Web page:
I have a secret: I was born into a family of meat eaters. As a child, animal products practically made up the entire base of my food pyramid. Growing up, we joked that loving cheese was a prerequisite to being in the Hunt family. But once I became a vegetarian, my family members happily made accommodations for my diet. My uncle even makes an entire pot of vegetarian chili just for me on Christmas Eve! (Side note: you haven’t fully experienced Christmas until you’ve celebrated it with cornbread and home-cooked chili.) Even my meat and potatoes grandfather eats vegetarian meals when I’m around.
But not everyone is as accommodating. When you first go vegetarian, you’ll likely run into people who criticize your choice to give up meat. You’ll probably get lectures about your chosen diet and hear a lot of jokes from people who just don’t get it. I have found that the best way to quiet the naysayers is to feed them delicious foods that they simply cannot criticize.
When you are invited to a pot-luck or when you host a dinner or party, you have a big opportunity to surprise all your meat-loving friends with foods they would happily eat at home. Here are my tried and true tips for feeding meat eaters.
Skip the Fake Meats
Just say no. Even vegetarians don’t love most fake meats. We get used to them, and they are helpful for protein consumption, but does anyone really like a vegetarian roast? Skip these altogether. There are so many scrumptious vegetarian foods out there that it’s stilly to feed veggie meat to a meat lover (plus, you can avoid all the unnecessary Tofurkey jokes).
Get Comfortable With Pasta
Pasta is one of the easiest dishes to make for gatherings and parties for several reasons. First, almost everyone loves pasta. It’s comforting, filling, and versatile. Second, people are already used to eating pasta without meat and dairy. If you produce a killer vegan pasta, nobody is going to complain about the lack of meat. Do they miss the meat in mac and cheese? Nope. It’s just hearty and delicious comfort food. There are so many fantastic vegan pasta recipes out there; you’ll absolutely be able to find a crowd pleaser, no matter how picky your friends’ palates.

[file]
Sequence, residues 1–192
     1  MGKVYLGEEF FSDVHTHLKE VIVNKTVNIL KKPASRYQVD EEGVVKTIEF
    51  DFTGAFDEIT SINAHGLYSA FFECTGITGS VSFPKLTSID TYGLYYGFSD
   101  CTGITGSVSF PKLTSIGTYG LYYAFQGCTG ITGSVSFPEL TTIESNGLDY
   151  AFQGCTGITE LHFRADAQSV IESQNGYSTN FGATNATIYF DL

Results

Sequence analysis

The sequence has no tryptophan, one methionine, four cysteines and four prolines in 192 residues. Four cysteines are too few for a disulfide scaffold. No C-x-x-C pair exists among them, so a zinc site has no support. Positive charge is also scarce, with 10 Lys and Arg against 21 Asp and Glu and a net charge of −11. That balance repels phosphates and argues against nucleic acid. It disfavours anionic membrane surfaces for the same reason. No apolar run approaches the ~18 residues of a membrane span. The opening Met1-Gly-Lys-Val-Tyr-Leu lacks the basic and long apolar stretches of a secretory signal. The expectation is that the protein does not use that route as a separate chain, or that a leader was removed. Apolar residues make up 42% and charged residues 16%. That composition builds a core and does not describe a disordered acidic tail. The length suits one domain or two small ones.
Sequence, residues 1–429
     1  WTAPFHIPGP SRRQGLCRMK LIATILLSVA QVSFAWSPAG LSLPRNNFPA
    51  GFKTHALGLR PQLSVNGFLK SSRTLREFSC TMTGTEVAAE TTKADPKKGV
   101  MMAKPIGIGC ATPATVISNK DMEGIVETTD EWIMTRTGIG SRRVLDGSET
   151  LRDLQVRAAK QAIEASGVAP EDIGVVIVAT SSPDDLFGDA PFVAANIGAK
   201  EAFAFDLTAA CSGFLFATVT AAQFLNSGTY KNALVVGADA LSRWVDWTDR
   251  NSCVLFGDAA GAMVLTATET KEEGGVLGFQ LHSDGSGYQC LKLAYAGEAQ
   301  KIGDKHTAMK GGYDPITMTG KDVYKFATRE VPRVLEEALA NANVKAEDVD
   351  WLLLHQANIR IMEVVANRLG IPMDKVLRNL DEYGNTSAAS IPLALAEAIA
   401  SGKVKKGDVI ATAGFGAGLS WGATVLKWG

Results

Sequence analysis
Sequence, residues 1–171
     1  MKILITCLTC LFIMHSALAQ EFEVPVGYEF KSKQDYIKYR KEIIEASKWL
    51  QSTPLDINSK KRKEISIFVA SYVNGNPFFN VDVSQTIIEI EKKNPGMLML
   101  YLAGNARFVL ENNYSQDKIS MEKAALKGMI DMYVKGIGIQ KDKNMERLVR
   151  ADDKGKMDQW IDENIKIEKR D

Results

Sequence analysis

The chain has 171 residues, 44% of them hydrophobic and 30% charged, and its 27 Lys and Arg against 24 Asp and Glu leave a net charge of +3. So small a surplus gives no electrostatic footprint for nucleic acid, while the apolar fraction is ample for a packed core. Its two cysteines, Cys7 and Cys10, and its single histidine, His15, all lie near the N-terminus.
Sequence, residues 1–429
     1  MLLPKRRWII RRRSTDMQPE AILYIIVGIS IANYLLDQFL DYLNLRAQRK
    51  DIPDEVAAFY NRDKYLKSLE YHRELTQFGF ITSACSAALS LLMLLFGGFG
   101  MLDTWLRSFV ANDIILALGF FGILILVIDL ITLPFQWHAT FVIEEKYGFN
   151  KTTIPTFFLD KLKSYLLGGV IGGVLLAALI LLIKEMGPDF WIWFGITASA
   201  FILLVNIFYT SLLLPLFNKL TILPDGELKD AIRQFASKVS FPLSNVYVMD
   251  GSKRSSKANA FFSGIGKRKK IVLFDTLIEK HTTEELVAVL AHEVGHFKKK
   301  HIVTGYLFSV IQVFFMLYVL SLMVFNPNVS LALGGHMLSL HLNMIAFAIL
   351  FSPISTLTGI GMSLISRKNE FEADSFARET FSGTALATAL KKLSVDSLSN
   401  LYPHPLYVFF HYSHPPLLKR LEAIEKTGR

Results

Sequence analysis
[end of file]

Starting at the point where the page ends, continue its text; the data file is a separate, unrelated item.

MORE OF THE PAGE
Have A Go-To Salad
Every gathering needs a salad. But don’t just bring a garden salad that anyone could throw together. You can do so much better! After all, you’re the veggie person in the family. Show up ready to impress. A great salad will have some sort of grain (quinoa and couscous are good options), multiple leafy greens (kale, arugula, spinach, or romaine), lots of colorful vegetables (carrots, beets, Brussel’s sprouts, cucumber, etc.), and some kind of extra topping like seeds or dried fruit (I like pumpkin seeds or dried cranberries). Top off your salad with sliced avocado or home made vegan croutons.
A lot of Asian staples are already vegan. Thai and Indian cuisines are especially vegan friendly. Just make sure you skip the egg in noodle dishes, and incorporate lots of creamy sauces. Some easy options for beginners are pad thai, fried rice, and curried cauliflower. Yum!
Bonus Tip: Feed Yourself
After you’ve been vegetarian or vegan for a while, your family and friends will be more used to the idea and they’ll be more prepared for your dietary restrictions. But at the beginning, be prepared for them to forget on occasion. For this reason, it’s a good idea to bring a dish that can function as a main course if needed. If you bring a salad, make it hearty. If you bring a side dish, make sure it’s something you love and can eat a lot of.
You’re not going to convert everyone you know to a veggie diet, but the more delicious veggie meals they eat, the more your friends and family will come to understand your choice. With each delicious dish you prepare for a meat eater, you are helping to smash stereotypes and encourage others to look into a vegan diet. Go you!